Made in Germany, this raucous adventure merrily refuses to follow the usual Hollywood route of blanding-down a fairy tale for the lowest common denominator (see both Snow White movies last year). It's still pretty stupid, but it's so unapologetically over-the-top that we're consistently entertained. And it helps that the filmmakers are clearly aware of how ridiculous the plot is, so they push it even further.
The film opens with a horror-style version of the Grimm Brothers' fable, then jumps years ahead as Hansel and Gretel (Renner and Arterton) achieve notoriety as bounty hunters specialising in tracking down and dispatching witches. When they arrive in a small village, they rescue innocent young Mina (Viitala) from the bloodthirsty mayor (Stormare), then vow instead to capture the area's real wicked witch Muriel (Janssen). The sheriff is sure they're con artists, so forms his own posse. Meanwhile, Hansel tentatively falls for Mina, and the duo also meet their teen super-fan Ben (Mann), who joins them as they head into the woods.
Norwegian writer-director Wirkola has created a gonzo action-horror movie out of the familiar bedtime story, complete with wildly outrageous creatures, fiery battles and almost as many explosions as a Michael Bay Transformers movie. Meanwhile, Renner and Arterton strut through medieval Europe like 21st century action heroes, wearing skin-tight leather, head-butting their foes, swearing like sailors and shooting massive guns at anything that moves. In other words, Wirkola's approach is essentially satirical, which allows him to indulge in astounding levels of grisly violence without it ever getting too nasty.
Continue reading: Hansel & Gretel: Witch Hunters Review
From the Hansel and Gretel Witch Hunters trailer, it's hard to decipher whether this movie is really going to stink - like, Razzies territory - or whether it's just going to be a stonking over-the-top cheese-ball riot of a movie. It definitely could be the former, it really could be, but we're willing to hold off and wait for the release. It's certainly going to be something to talk about.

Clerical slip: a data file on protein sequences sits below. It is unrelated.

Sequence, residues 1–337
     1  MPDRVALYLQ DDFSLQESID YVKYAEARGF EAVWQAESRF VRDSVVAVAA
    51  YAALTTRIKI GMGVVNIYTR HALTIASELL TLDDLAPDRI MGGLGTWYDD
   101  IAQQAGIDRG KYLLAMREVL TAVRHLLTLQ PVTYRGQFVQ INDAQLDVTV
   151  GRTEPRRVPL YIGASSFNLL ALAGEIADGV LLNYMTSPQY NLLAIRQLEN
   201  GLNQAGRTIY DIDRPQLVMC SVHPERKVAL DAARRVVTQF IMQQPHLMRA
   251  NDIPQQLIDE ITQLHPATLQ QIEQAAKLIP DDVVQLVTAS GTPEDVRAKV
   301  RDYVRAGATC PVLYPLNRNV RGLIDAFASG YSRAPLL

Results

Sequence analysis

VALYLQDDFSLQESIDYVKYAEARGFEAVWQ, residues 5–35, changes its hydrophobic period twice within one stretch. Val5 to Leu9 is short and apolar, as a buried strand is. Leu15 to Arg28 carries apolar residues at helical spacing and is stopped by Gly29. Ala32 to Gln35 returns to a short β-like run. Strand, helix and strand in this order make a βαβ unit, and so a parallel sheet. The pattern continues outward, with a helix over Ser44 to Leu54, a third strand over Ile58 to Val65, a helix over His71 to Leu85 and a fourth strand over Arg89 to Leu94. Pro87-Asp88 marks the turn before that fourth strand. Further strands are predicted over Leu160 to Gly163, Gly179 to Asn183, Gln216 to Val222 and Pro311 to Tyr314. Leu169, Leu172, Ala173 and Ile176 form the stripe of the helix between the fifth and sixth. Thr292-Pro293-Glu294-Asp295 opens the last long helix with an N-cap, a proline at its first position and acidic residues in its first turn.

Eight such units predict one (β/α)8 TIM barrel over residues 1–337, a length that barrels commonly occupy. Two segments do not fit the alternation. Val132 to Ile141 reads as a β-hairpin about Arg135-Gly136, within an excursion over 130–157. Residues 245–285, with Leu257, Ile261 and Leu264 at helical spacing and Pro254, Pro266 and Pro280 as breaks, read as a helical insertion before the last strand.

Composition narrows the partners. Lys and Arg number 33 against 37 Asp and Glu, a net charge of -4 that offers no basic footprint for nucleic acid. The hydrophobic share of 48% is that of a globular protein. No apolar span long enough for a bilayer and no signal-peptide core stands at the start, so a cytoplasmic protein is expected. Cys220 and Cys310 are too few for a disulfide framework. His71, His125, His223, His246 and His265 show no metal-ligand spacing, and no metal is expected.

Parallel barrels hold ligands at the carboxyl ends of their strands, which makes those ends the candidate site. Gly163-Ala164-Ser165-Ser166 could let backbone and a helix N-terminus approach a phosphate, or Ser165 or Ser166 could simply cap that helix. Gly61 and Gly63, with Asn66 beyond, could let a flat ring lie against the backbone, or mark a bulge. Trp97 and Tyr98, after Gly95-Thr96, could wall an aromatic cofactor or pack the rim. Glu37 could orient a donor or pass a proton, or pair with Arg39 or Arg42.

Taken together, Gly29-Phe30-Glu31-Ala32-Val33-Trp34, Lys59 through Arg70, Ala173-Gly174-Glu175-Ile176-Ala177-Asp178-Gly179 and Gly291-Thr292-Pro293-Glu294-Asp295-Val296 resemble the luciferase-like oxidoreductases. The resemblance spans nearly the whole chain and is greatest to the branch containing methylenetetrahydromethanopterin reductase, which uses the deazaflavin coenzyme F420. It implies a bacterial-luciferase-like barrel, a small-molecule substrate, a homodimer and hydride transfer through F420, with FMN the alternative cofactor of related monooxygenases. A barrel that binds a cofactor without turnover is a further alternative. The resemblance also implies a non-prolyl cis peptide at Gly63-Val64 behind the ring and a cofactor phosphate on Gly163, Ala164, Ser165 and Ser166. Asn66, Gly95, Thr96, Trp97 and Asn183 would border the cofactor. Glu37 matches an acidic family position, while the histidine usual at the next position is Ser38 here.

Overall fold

In case you're unaware, Hansel and Gretel Witch Hunters is Tommy Wirkola's (Dead Snow) dark cinematic take on the well-known Brothers Grimm fairy-tale about a young brother and sister threatened by a cannibalistic witch living in a house constructed of cake and confectionaries. It's scared the living daylights out of kids for years, though the latest movie takes things to a whole new level. In Wirkola's mind, the siblings - played here by Gemma Arterton and Jeremy Renner - are a formidable team of bounty hunters who track and kill witches all over the world. The trailer sees the ass-kicking pair firing machine guns, drawing plenty of blood, blowing things up, punching witches in the face and throwing enemies through wooden walls. Great stuff.
Speaking way back in 2010, producer Adam McKay hinted at the possibility of further movies, telling MTV, "You think franchise, but in the doing, you just try to make one good movie. If I step back, it feels to me like, 'God, I could watch a bunch of these, just having read the script and knowing what Wirkola's style is.' I'd be very happy if he did three of them." Hansel and Gretel Witch Hunters hits theaters in the U.S on January 25, 2013.
Continue reading: Hansel And Gretel Witch Hunters Trailer: Cheesy, Bloody, Insane
Fifteen years later, Hansel and Gretel are still suffering from the traumatic effects of a horrific ordeal they experienced when they were children when a wicked witch tried to make a meal of them after tempting them with her house in the forest made of gingerbread. After successfully slaying the evil creature, they became witch hunters; bounty hunters of the fairy tale world, constructing various brutal ways of trapping and exterminating the monsters that threatened villages around the world with the added benefit that malevolent curses and spells had little effect on them. One day, the Mayor of Augsburg, recognising their widespread notoriety and expertise, enlists the brother and sister duo to end the torment that is infecting one town and its surrounding forests at the hands of the sorceress Muriel who is kidnapping children with the intention of sacrificing them for the forthcoming Blood Moon. It seems Hansel and Gretel have finally met their match and, if that wasn't bad enough, the ruthless Sheriff Berringer has decided that he will embark on his own kind of witch hunt, endangering half the women in the town.
Continue: Hansel and Gretel: Witch Hunters Trailer
As it turns out, you try to take it about as seriously as a Benny Hill marathon and for the majority of Snow, this tactic works. A pack of late-twenties skiers -- four dudes, three girls -- make their way up to a cabin at the top of a snowy peak for Easter vacation. They flirt and drink, go tubing, talk about movies and med-school, use an outhouse (the setting of some dozen instances of toilet sex caught onscreen) and entertain a surly intruder who explains to them that the mountain used to be a Nazi stronghold captained by the merciless Colonel Herzog. Naturally, no one has ever found the bodies of Herzog and his remaining men after the Russians overcame the German forces. And the gang has also found a small fortune in Nazi doubloons.
Continue reading: Dead Snow Review
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